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Close Communities from Far Away: How Keānuenue Pediatrics Fights for the Underdog

In October of 2020, Dr. Jasmine Waipa founded Keānuenue Pediatrics in Honolulu, Hawai`i, with a goal to create a small practice atmosphere with a tech-forward approach. As a Native Hawaiian pediatrician, she is passionate about addressing health disparities.
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Getting Resourceful, Staying Close: Small Town Healthcare for a Growing Community

In November 2019, The Independent Pediatrician visited Skagit Pediatrics in Mount Vernon, Washington. The managing pediatricians shared the story of the practice’s history, growth, and how despite consistent change, their independent culture has thrived after nearly 40 years.
A parent and his toddler explore a digital tablet

Finding the Middle Way with Kids and Digital Media

The impacts of digital media use on children, both positive and negative, are increasingly visible as Generation Z comes of age. How do different types of media affect childhood brain development, and what can pediatricians do to help kids build healthy relationships with their screens?

Trauma-Informed Care and the Future of Wellness

Melding her expertise in psychology and criminal justice, forensic psychologist Dr. Aron Steward explains the importance of trauma-informed care to the future of children’s health, and the health of our society.

Resilience, Relationships and Community: Fostering Wellness and Preventing Burnout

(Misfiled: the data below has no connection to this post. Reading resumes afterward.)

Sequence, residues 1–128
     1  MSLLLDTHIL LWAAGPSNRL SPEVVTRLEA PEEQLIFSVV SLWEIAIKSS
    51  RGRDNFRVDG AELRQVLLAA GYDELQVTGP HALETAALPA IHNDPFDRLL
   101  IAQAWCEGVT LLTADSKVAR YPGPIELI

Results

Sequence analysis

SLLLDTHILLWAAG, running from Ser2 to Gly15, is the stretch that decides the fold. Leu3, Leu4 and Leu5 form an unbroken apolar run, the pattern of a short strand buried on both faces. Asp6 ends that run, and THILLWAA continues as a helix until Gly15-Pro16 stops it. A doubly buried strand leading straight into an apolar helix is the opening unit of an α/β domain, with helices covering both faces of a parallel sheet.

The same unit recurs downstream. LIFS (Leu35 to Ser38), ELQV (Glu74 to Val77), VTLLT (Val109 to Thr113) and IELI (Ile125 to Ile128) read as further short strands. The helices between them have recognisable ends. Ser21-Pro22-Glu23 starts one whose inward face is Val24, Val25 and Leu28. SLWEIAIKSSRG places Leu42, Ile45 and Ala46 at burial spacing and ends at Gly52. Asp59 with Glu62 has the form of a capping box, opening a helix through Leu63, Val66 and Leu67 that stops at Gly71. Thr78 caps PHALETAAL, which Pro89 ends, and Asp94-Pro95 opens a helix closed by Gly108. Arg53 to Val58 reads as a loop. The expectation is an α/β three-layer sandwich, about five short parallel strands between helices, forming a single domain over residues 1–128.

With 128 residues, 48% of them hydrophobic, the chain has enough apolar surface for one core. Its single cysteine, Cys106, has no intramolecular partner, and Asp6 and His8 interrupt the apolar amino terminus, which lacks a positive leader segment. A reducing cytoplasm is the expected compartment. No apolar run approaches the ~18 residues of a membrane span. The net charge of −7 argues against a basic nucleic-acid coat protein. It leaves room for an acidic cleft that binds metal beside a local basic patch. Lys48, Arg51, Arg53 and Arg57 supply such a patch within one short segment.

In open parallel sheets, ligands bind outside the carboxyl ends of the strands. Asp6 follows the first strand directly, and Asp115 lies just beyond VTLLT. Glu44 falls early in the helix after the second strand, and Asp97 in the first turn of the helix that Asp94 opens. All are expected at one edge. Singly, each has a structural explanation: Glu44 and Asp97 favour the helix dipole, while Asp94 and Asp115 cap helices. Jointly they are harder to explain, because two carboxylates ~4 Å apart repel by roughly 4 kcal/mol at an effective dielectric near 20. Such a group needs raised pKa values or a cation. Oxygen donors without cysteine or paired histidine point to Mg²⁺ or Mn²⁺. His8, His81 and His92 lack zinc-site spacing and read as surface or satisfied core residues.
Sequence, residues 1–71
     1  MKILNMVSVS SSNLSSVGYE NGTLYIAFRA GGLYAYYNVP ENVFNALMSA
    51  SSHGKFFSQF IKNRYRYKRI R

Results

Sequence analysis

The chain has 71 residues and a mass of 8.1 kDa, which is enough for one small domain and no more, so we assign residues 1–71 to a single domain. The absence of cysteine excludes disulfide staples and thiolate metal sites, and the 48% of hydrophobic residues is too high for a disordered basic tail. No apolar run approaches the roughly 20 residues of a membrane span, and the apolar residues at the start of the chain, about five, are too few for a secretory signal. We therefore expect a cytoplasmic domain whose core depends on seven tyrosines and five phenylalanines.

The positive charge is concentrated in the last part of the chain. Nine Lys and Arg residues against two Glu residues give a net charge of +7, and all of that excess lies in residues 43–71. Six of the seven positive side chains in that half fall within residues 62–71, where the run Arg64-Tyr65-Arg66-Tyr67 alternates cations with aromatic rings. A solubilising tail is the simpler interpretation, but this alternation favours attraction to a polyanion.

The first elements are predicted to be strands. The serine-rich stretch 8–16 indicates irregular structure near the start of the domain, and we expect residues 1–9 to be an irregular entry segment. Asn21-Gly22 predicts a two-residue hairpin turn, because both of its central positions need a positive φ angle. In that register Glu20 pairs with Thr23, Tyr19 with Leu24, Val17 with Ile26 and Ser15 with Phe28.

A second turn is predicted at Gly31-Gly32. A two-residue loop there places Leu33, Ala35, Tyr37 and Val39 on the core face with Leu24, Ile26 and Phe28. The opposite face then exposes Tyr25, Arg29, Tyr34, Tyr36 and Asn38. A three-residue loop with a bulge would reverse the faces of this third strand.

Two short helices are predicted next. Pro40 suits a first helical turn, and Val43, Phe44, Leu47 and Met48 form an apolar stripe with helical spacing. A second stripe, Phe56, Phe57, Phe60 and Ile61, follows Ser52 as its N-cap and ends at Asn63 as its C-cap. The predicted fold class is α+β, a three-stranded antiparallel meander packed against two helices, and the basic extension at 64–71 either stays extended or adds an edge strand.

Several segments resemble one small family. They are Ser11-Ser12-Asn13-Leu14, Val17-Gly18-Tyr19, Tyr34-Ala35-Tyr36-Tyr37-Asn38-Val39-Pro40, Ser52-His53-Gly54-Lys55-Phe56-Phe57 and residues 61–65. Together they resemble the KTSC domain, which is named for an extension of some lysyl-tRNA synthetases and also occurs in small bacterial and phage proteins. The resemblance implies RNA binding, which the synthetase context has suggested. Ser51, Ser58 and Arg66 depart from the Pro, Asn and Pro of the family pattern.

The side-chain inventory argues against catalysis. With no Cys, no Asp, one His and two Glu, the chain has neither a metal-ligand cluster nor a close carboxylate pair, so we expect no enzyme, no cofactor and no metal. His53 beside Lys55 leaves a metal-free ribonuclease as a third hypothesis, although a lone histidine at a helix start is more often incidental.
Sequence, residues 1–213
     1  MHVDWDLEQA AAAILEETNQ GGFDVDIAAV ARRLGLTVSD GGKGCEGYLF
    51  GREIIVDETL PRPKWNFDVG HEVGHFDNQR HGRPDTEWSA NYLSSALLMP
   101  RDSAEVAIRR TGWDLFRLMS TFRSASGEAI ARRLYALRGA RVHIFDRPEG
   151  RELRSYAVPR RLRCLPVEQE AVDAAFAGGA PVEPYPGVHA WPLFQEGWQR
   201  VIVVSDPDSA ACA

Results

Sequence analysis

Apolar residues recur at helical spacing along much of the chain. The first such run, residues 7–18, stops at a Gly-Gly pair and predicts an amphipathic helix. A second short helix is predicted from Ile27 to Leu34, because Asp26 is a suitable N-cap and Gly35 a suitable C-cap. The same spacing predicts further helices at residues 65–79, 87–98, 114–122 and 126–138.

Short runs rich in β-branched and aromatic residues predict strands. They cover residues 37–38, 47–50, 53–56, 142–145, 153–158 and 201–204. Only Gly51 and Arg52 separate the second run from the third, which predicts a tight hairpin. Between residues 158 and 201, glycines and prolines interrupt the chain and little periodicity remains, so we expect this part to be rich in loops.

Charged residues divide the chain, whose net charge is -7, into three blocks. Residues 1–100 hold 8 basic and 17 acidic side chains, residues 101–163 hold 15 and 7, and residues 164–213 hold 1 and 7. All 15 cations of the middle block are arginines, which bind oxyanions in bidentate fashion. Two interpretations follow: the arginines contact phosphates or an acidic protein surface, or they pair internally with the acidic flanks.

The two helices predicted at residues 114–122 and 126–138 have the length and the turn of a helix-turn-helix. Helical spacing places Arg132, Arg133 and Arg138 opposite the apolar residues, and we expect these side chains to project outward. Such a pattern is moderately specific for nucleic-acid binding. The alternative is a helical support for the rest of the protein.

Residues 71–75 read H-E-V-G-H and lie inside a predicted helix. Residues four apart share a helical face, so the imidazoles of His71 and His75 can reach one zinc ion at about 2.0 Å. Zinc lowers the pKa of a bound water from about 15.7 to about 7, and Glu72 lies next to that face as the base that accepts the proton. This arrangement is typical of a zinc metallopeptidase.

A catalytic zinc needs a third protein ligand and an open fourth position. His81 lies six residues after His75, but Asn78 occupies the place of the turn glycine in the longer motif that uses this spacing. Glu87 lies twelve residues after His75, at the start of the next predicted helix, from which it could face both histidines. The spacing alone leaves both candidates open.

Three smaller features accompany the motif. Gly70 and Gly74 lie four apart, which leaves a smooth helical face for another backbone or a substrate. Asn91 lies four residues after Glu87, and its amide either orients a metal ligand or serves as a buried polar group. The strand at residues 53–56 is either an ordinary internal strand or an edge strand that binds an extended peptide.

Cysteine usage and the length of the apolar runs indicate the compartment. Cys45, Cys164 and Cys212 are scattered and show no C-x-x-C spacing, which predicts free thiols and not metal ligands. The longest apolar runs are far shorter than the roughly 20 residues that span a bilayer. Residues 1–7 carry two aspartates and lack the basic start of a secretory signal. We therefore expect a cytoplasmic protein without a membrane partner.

Several independent pediatricians offer their own stories and strategies to foster wellness and prevent burnout, a syndrome that affects over 40 percent of pediatricians nationally.
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Keeping the Doors Open: 100 Years of Independent Practice

How does a hundred-year-old practice maintain its mission, vision, and quality over time? El Paso Pediatrics offers a look into the structures, values, and patient-centered approaches that allow for continued success. Dr. Joseph Segapeli discusses the joys and challenges of working in this long-standing independent practice.
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Rural America’s Invisible Patients, Part III: Appalachia

Increased access to pediatric care for rural poor populations could alter the course of a child’s life, and widespread access could change a community’s future. This part of the series highlights the challenges faced by Appalachian communities in securing access to pediatric care.
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Rural America’s Invisible Patients, Part II: Tribal Lands

Increased access to pediatric care for rural poor populations could alter the course of a child’s life, and widespread access could change a community’s future. This part of the series highlights the challenges faced by Reservation communities in securing access to pediatric care.
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Rural America’s Invisible Patients, Part I: The South

Increased access to pediatric care for rural poor populations could alter the course of children’s lives, and widespread access could change a community’s future. Three distinct regions of the U.S. provide lenses through which to examine questions of access, utilization, and solutions for the future.
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Collaboration and Cooperation: Integrating Mental Health Care into a Pediatric Practice

At Parker Pediatrics and Adolescents in Colorado, Dr. Jay Rabinowitz took a leap into the unknown by bringing licensed mental health professionals into his practice as employees. Dr. Mark Harris went on a similar journey in Vermont, where he integrated mental health services into his practice, Upper Valley Pediatrics, in the 1990s. In both locations, integrated mental health care has been beneficial for patients and providers, filling a dire need in the community.